Ink and Blood
Jason Aaron on SCALPED:I haven’t gotten any kind of negative responses from Native peoples. I'm sure there are negative responses out there. I guess they’re just less likely to email me. On the other hand, I got a lot of positive responses from Native Americans across the country. A lot of people just celebrate the fact that it’s set on a modern day reservation. I guess most people feel that it's on a setting that has been ignored for so long.
Comment: So (some) Native people like SCALPED because it's set on a modern reservation. Have any of them actually praised it as an authentic look at such reservations?
I "celebrate" the fact that SCALPED is one of the few Native-themed comics set on a reservation, too. But comics such as A HERO'S VOICE and DARKNESS CALLS offer a much richer portrayal of rez life.
I've heard a couple Natives criticize SCALPED as stereotypical. Sorry they weren't able to make their views known to Aaron, but that's what I'm here for.The history of the plains Indians which I think most people who conjure a Native American into their head they will think of [is] Crazy Horse and the history of Lakota, the plains Indians. And all that leads to the history of the Pine Ridge reservation and the struggles there. So it just seemed like the natural setting to have this book set in South Dakota.
Comment: In other words, Aaron and the rest of America think of Indians in stereotypical terms. Aaron is consciously using and playing off those stereotypes to sell his stories.No, nothing about the book am I trying to say this is how I view Native American people. I certainly don’t think all tribal leaders are as corrupt, brutal and vicious as Red Crow is portrayed.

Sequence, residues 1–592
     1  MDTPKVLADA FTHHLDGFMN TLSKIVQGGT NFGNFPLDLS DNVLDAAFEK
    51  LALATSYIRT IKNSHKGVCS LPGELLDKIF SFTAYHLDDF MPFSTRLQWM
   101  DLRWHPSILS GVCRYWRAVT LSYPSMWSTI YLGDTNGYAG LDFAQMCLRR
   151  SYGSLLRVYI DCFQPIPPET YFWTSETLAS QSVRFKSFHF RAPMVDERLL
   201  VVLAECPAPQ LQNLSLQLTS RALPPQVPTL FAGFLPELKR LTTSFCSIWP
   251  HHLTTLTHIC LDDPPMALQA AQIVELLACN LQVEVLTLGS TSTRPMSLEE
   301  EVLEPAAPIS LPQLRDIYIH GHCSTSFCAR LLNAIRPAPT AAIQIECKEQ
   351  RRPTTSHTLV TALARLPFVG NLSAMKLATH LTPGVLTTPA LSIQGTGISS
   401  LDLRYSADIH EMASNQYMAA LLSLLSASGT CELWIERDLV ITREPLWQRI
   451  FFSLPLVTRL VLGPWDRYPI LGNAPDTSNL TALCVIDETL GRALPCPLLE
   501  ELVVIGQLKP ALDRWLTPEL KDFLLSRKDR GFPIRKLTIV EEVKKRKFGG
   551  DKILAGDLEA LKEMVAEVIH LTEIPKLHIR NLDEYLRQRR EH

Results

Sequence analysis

Comment: So Aaron isn't a racist himself, even if his portrayal of Indians is arguably racist. That's the classic Mel Gibson/Michael Richards defense.Because it is a very brutal, no nonsense book that focuses on the more sensationalized aspects but at the same time we are not trying to do a book that caters to stereotypes. ... Even the worst characters in scalped I think will be fleshed down. If anything this book would be a character drama as apposed to an all-out action tale. If it wasn’t, I would have no interest in doing it.
Comment: The "sensationalized" aspects are exactly the stereotypes that the book caters too. I guess Aaron thinks that by calling a stereotype "sensational," he can excuse it out of existence. Not while I'm around to call him on it.
A few critics who thought SCALPED #1 was problematical said to give the series a chance. I've read through SCALPED #1-3 and there's been no fleshing out [or down] of characters. The third issue is as stereotypical as the first one was.
Here are my thoughts on SCALPED from the same article:As much as Dennis praises Aaron's creation, Rob Schmidt offers a different opinion. Schmidt is creator of "Peace Party," a multicultural comic book featuring two Hopi/Pueblo cousins, published by Blue Corn Comics.
"I have mixed feelings," Schmidt said about Aaron's latest work. "They're calling it 'The Sopranos' on the reservation. It has a feel that sort of feels realistic, but at the same time, it's very exaggerated, very extreme, (compared) to many reservations I visited."
Schmidt, also a non-Native, describes his comic, "Peace Party," as a portrait of Natives that is free of myths and stereotypes. He believes "SCALPED" does not break Native stereotypes but instead reinforces them.
"I think (Aaron) is trying to sensationalize it," he said. "There are (reservation) problems but they're not all killing each other. There are good things going on too: schools, clinics and elders trying to preserve the traditions. Everywhere there is a balance, and don't think he shows a balance. He shows only the negative side."